Cognitive Abnormalities in Patients Newly Diagnosed with Bipolar Disorder

September 24, 2020 · Posted in Course of Illness, Genetics, Risk Factors · Comment 

At the 2020 meeting of the International Society for Bipolar Disorders, researcher Kamilla Miskowiak described a study in which she and her colleagues grouped 158 patients in remission from recently diagnosed bipolar disorder into groups based on their neurocognitive functioning and particularly their emotional processing, and also observed cognitive function in 52 first-degree relatives of those with bipolar disorder. These groups were compared to 110 healthy control participants.

Miskowiak and colleagues identified three clusters among the patients with bipolar disorder: 23% were globally impaired, 31% were selectively impaired, and 46% had normal cognition. Those who were globally impaired had problems recognizing facial expressions in social scenarios. Cognitive impairment has previously been documented in patients who have had a longer duration or more episodes of bipolar illness.

First-degree relatives of cognitively impaired patients had impaired recognition of facial expressions, but their cognition in non-emotional areas was normal. Miskowiak and colleagues concluded that the impaired affective cognition in relatives of patients with neurocognitive impairment was an indication of inherited risk for bipolar disorder.

Editor’s Note: Children with bipolar disorder also have this deficit in facial emotion recognition. That 23% of recently diagnosed patients with bipolar disorder were globally impaired indicates that some cognitive impairments can emerge early in the course of bipolar disorder. Researcher Lakshmi Yatham has previously found that cognition improves after a first episode of mania only if no further episodes occur in the one year following, indicating that episode prevention is crucial even after a patient’s first episode.

Early Precursors of Mood Disorders in Young Children of Parents with Bipolar or Unipolar Disorder

July 24, 2020 · Posted in Course of Illness, Risk Factors · Comment 

At the 2020 meeting of the International Society for Bipolar Disorders, researcher Caroline Vandeleur presented findings from a 13-year study of children in Switzerland who have a parent with bipolar disorder or major depressive disorder. In contrast to findings from the US presented by Danella Hafeman, Vandeleur and colleagues found no evidence of psychopathology in 4 year-olds. They did find that in 7-year-olds, children of a parent with major depressive disorder were four times more likely to have a separation anxiety disorder. In an overall sample of 449 children with a mean age of 10 who were followed up for 13 years, major depression tended to be preceded by anxiety disorders. Participants who went on to be diagnosed with bipolar disorder had earlier symptoms of depression, subthreshold hypomania, conduct disorders, and drug abuse. These were especially common in those who had a parent with bipolar disorder.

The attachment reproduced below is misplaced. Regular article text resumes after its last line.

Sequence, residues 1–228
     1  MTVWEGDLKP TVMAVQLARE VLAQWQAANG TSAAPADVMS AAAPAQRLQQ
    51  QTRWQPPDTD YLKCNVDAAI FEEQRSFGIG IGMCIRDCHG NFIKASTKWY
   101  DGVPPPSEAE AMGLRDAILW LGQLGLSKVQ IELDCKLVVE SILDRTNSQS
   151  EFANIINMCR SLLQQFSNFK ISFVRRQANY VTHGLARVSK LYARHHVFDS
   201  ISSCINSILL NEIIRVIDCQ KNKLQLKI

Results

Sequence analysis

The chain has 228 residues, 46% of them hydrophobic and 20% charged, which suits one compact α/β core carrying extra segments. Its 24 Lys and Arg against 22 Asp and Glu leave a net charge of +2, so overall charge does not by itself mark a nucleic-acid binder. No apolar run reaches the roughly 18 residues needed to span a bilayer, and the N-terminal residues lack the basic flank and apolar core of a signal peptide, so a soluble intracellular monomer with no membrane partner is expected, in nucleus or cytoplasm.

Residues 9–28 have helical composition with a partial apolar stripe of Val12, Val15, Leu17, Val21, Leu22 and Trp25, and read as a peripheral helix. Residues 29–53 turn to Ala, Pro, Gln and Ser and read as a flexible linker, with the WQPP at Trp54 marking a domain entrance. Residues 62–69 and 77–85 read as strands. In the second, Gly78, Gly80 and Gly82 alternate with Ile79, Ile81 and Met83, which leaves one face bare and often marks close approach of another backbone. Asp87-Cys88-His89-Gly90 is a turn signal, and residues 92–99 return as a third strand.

Editor’s Note: These data indirectly confirm other observations in which children at high risk for mood disorders in the US showed earlier signs of psychopathology than those in other countries including the Netherlands and Canada.

Clinical Risk Prediction in Youth at Risk for Bipolar Spectrum Disorder and Relapse

July 21, 2020 · Posted in Course of Illness, Diagnosis, Risk Factors · Comment 

Researchers from two 15-year studies of bipolar youth, COBY (The Coarse and Outcome of Bipolar Youth Study) and BIOS (Bipolar Offspring Family Study), have used the longitudinal data from their studies in order to create a risk calculator that can predict an individual’s likelihood of illness.

At the 2020 meeting of the International Society for Bipolar Disorders, researcher Danella Hafeman presented research on a risk calculator that predicts the 5-year risk for onset of a bipolar disorder spectrum diagnosis (BPSD) in young people at high risk and can reasonably distinguish those who will receive a diagnosis from those who will not.